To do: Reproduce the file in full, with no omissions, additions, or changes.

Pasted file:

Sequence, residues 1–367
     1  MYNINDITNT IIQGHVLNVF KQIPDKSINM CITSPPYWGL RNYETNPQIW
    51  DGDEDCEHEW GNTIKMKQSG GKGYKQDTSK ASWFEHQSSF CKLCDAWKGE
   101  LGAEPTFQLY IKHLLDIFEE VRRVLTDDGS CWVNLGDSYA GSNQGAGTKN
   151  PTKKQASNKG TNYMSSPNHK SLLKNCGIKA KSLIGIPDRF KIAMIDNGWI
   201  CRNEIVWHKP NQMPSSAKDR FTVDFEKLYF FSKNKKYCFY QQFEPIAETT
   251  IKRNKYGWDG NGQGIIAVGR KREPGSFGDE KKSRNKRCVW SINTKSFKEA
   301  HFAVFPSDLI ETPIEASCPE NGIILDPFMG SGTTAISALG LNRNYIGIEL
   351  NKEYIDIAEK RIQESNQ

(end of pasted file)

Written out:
Sequence, residues 1–367
     1  MYNINDITNT IIQGHVLNVF KQIPDKSINM CITSPPYWGL RNYETNPQIW
    51  DGDEDCEHEW GNTIKMKQSG GKGYKQDTSK ASWFEHQSSF CKLCDAWKGE
   101  LGAEPTFQLY IKHLLDIFEE VRRVLTDDGS CWVNLGDSYA GSNQGAGTKN
   151  PTKKQASNKG TNYMSSPNHK SLLKNCGIKA KSLIGIPDRF KIAMIDNGWI
   201  CRNEIVWHKP NQMPSSAKDR FTVDFEKLYF FSKNKKYCFY QQFEPIAETT
   251  IKRNKYGWDG NGQGIIAVGR KREPGSFGDE KKSRNKRCVW SINTKSFKEA
   301  HFAVFPSDLI ETPIEASCPE NGIILDPFMG SGTTAISALG LNRNYIGIEL
   351  NKEYIDIAEK RIQESNQ